So for example, if you wanted to get a traditional development player to support a social impact bond, or restructure their supply chains by tapping into locally 3D-printed products, you could map and galvanise in advance all the various actors across the system rather than expecting slower organisations to take the lead. All of this while playing to the strengths of traditional development players that, depending on the context, bring with them the advantage of having direct access to governments and being perceived as neutral brokers. Data collaboratives like the one recently set up by UNICEF and GovLab are an interesting example of emerging system level cooperation mechanisms that mutants can engage with.
What can organisations like Nesta do to support and leverage partnerships to encourage more experimentation and innovation in international development?
Nesta has a very strong record in spotting emerging trends and bringing them to the attention of the broader innovation community as well as governments and the private sector. It would be a natural extension of that role to have an ongoing horizon scanning program to spot emerging mutants, quickly detect emerging patterns and help international development organisations make sense of this brave new world. It would be great to see Nesta strongly advocating for positive deviance, lead user innovation and other “solution mapping” approaches that are still counterintuitive for many development organisations. Supporting demonstration projects like the one currently under way in Moldova (to redefine poverty statistics) or the open innovation in health pilots in Brazil is another important role that Nesta can play given its convening power and the legitimacy it can bring to experimentation.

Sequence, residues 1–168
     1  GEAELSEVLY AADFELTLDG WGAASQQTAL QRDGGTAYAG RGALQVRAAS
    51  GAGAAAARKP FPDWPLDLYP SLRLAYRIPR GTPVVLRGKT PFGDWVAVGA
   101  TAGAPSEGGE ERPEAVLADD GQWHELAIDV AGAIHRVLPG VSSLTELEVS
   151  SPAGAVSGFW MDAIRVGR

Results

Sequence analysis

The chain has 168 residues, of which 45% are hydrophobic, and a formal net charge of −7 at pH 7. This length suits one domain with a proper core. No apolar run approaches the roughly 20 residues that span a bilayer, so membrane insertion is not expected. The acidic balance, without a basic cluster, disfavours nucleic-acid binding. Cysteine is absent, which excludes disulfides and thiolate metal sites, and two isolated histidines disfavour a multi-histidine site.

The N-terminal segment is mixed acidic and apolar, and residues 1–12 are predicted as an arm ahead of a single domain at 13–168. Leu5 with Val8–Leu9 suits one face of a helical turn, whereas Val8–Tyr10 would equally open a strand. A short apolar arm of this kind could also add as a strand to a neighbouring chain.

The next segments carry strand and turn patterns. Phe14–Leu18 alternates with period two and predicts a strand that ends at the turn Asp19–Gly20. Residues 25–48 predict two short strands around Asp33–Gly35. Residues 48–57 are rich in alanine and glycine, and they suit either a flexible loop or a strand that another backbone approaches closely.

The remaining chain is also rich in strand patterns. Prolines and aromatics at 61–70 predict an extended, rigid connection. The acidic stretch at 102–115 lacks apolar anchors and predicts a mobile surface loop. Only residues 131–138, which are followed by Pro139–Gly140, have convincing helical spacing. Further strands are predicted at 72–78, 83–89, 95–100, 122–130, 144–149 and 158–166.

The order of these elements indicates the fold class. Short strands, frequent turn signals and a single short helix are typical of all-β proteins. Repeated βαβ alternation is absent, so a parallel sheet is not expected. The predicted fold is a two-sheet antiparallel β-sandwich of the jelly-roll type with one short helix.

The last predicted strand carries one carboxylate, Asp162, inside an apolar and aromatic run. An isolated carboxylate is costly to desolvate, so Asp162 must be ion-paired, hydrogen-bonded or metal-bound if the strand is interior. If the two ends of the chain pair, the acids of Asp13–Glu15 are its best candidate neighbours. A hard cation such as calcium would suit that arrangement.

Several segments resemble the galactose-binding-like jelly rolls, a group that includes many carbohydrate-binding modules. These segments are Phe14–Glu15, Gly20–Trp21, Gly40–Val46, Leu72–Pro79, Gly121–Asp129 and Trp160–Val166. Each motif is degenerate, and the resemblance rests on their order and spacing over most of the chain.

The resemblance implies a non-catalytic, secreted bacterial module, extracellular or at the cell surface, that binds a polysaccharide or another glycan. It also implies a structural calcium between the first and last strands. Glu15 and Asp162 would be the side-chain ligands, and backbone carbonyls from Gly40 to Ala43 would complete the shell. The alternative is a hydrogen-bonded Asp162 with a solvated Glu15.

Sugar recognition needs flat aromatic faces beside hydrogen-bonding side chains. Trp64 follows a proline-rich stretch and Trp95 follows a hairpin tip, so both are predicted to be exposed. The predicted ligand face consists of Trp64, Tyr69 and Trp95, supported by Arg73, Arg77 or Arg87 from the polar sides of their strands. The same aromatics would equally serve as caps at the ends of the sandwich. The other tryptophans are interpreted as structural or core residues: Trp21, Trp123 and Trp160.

Who are some of your ‘hot tips’ to look out for in the development mutant world over the next few months?
Fintech and digital identity are all the rage these days and are attracting a great deal of mutant experimentation (keep an eye on the intersection of fintech and Islamic finance). Personally, however, I am particularly fond of organisations that marry technological savvy with a deep understanding of social dynamics. They are attempting to reframe the likes of money, data and infrastructure by bringing to the fore the social capital dimension that underpins them. I am thinking of examples as diverse as Rhizomatica or Kampoeng Cyber, Social Cops, the above mentioned Poverty Stoplight or, in a different context, Sardex or the Lion Barbers Collective. I also like to think that mutants can play a strong role in promoting the logic of preventative investment through mechanisms like forecast based financing or catastrophe insurance.